By Isabel Dayman

Baby fish may lose their ability to find their way home in the future due to rising CO2 levels in the ocean, a marine ecology expert has found.

University of Adelaide Professor Ivan Nagelkerken said some species of fish larvae relied on sounds in the ocean to find their way between open areas and shallow water.

When larvae grow big enough, they find their way to their natural habitats along the coastlines.

“A lot of larvae have evolved to use certain cues to help them find their new homes … including sounds,” Professor Nagelkerken said.

“It’s a very reliable, directional cue that can help them to navigate to find these homes.”

All the wrong noises

Coastal areas are actually very loud if you are an underwater creature.

“They harbour a lot of snapping shrimp and a lot of animals that can produce sounds, and sound can travel a long way in water,” Professor Nagelkerken said.

What the study found was that fish larvae were not paying attention to the right noises.

The research compared the behaviour of barramundi larvae in normal water to water with elevated CO2 levels similar to those predicted for the end of the century.

The right sounds would have led the barramundi to their natural habitat — tropical estuarine mangroves.

Instead, they were attracted to different sounds and white noise, leading them to habitats that were not beneficial to their survival.

Consequences could be devastating

Professor Nagelkerken said the results indicated rising CO2 levels disrupted the ability of larvae to use sound as a guiding tool when moving around the ocean at critical life stages.

“When we raised these larvae under elevated CO2, we saw that those larvae were no longer attracted — and worse, they were deterred by — the natural sounds of their natural habitat,” he said.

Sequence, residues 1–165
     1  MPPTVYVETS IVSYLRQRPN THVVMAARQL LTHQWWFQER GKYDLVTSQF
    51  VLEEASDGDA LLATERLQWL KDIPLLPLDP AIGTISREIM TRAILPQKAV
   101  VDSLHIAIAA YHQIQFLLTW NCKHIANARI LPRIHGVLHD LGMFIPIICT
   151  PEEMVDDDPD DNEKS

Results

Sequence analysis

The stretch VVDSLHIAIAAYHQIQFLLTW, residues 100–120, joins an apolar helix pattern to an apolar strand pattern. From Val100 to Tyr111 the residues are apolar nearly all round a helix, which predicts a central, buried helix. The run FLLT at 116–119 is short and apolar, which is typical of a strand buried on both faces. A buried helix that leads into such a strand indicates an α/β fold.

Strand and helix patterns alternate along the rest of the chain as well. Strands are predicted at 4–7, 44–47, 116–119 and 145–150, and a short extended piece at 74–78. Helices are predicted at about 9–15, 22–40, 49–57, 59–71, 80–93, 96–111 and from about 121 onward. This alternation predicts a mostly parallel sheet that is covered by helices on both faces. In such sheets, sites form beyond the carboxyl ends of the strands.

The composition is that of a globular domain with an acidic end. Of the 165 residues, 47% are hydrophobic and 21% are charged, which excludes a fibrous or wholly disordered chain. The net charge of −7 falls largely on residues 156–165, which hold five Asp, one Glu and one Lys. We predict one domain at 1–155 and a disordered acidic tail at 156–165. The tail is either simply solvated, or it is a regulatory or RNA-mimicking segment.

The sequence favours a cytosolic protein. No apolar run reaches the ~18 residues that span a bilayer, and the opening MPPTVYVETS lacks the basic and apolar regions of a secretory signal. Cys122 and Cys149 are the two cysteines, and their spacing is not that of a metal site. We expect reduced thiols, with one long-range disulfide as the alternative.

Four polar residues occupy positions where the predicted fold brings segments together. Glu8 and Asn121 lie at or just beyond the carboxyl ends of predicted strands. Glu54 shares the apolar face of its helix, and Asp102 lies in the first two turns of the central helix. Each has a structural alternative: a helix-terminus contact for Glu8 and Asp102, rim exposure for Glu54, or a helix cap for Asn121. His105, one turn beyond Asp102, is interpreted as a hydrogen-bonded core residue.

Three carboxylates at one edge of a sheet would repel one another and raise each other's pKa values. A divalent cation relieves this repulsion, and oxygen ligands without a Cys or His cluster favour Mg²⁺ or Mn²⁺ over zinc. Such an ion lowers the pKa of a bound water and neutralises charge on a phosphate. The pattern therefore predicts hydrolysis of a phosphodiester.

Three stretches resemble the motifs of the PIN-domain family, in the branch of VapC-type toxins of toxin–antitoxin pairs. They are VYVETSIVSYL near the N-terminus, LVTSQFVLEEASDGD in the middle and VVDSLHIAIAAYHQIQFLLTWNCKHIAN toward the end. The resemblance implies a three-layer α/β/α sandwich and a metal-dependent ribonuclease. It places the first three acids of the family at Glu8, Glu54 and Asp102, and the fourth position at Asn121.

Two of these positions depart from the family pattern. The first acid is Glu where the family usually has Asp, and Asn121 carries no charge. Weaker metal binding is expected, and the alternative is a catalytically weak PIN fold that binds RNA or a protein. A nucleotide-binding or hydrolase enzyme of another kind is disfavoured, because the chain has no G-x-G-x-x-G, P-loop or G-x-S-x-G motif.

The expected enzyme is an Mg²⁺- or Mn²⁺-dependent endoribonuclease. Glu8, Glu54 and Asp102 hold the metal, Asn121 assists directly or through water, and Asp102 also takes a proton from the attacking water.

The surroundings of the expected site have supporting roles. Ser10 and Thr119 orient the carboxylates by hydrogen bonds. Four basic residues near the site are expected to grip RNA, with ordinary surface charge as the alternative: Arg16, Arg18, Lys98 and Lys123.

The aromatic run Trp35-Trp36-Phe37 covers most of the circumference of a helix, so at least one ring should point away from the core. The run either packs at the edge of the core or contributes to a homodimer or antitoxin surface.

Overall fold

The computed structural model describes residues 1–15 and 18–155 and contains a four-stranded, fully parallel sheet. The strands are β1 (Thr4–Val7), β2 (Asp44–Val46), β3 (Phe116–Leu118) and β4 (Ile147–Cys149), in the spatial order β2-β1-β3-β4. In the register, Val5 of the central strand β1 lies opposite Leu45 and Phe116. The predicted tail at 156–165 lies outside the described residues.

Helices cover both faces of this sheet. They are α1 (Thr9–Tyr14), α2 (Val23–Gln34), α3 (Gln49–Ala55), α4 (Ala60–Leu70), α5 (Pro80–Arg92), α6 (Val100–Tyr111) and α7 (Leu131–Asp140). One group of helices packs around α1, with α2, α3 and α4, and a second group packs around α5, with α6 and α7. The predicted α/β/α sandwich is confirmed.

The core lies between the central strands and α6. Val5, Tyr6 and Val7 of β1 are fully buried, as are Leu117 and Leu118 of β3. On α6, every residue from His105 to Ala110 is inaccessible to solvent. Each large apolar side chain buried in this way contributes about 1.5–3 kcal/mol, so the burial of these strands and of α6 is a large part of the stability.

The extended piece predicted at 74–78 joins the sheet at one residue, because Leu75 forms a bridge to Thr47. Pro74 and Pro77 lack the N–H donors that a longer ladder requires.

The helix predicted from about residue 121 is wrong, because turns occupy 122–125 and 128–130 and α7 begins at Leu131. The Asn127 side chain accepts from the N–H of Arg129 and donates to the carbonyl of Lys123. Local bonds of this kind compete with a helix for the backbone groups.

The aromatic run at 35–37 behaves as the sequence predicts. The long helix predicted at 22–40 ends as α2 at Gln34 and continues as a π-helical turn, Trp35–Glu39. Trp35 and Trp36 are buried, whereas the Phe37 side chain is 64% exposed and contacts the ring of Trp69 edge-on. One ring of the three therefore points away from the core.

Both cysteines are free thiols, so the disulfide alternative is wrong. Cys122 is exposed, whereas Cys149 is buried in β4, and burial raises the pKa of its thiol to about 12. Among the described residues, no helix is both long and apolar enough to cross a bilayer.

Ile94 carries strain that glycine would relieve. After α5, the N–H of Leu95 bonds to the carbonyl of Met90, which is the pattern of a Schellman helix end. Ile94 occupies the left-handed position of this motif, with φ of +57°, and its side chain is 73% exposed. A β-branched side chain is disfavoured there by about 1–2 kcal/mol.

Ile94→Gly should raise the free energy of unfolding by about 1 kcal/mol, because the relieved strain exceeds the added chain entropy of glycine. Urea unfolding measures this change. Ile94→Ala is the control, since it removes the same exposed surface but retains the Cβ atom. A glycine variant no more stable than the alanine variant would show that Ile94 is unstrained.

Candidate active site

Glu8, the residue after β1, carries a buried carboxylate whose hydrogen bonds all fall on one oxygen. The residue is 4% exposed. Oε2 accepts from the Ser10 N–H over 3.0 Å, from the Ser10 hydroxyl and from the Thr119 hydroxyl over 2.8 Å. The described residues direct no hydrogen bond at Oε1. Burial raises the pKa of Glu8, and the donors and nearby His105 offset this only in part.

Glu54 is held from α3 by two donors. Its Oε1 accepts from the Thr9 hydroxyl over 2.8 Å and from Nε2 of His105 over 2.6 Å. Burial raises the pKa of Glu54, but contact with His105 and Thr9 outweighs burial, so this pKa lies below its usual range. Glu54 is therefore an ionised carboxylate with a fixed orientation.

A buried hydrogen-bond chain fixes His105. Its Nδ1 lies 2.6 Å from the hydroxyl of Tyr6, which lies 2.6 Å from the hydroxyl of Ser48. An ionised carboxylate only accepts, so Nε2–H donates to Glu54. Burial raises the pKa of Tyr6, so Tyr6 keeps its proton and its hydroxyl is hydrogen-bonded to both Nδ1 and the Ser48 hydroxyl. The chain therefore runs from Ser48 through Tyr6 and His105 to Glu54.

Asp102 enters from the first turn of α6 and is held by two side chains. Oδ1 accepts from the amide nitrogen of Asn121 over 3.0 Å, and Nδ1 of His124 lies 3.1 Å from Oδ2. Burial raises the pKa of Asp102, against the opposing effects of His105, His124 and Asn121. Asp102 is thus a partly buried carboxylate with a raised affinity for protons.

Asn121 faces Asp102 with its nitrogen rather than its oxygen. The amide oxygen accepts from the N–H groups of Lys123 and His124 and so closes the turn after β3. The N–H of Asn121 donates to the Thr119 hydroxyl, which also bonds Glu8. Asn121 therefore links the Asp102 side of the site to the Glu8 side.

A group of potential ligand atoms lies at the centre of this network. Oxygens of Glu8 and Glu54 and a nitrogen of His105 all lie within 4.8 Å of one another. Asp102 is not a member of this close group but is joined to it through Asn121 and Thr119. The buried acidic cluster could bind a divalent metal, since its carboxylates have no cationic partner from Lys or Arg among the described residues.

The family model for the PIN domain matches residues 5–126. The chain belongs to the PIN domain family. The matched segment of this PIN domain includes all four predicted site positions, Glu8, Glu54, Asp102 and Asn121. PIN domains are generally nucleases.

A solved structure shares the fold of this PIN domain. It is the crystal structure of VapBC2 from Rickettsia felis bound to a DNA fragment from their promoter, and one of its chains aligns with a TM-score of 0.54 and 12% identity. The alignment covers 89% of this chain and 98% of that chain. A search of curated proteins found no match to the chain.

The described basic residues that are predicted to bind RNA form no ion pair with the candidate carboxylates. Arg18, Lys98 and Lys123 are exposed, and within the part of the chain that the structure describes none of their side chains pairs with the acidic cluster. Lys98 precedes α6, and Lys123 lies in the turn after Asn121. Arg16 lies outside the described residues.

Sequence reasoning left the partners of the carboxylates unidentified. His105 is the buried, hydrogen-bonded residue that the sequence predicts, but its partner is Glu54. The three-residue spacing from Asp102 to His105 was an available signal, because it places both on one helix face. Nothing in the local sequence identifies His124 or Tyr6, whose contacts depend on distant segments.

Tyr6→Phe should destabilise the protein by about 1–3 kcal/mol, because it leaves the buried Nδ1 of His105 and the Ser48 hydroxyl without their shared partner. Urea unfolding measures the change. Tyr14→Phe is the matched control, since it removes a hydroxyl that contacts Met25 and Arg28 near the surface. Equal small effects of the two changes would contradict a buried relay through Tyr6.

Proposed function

“Lower pH levels, acidity levels or higher CO2 levels interfere with the neurotransmitter function in their brain, and as a result, normal behaviours are being altered.”

And that will have devastating consequences because there will be no “recruitment”, or returning larvae, Professor Nagelkerken explained.

External Link:

Lost at sea: the effect of ocean acidification on fish behaviour

He said the findings held concerning implications for fish populations in the future if species failed to adapt to elevated levels of CO2.

“The question is, what proportion of species will show this response — is it 10 of the fish species? Is it 50 per cent or 80 per cent?” he said.

But there is hope for the future of barramundi and other fish species.

“If you have an experiment where you’ve raised larvae in elevated CO2 and you put them back into normal water, after a few days they start behaving normally again,” Professor Nagelkerken said.

“So there is a chance at reversal, but we need to reduce our CO2 emissions.”

The study has been published in the Nature journal, Scientific Reports.

Source:: ABC News Australia

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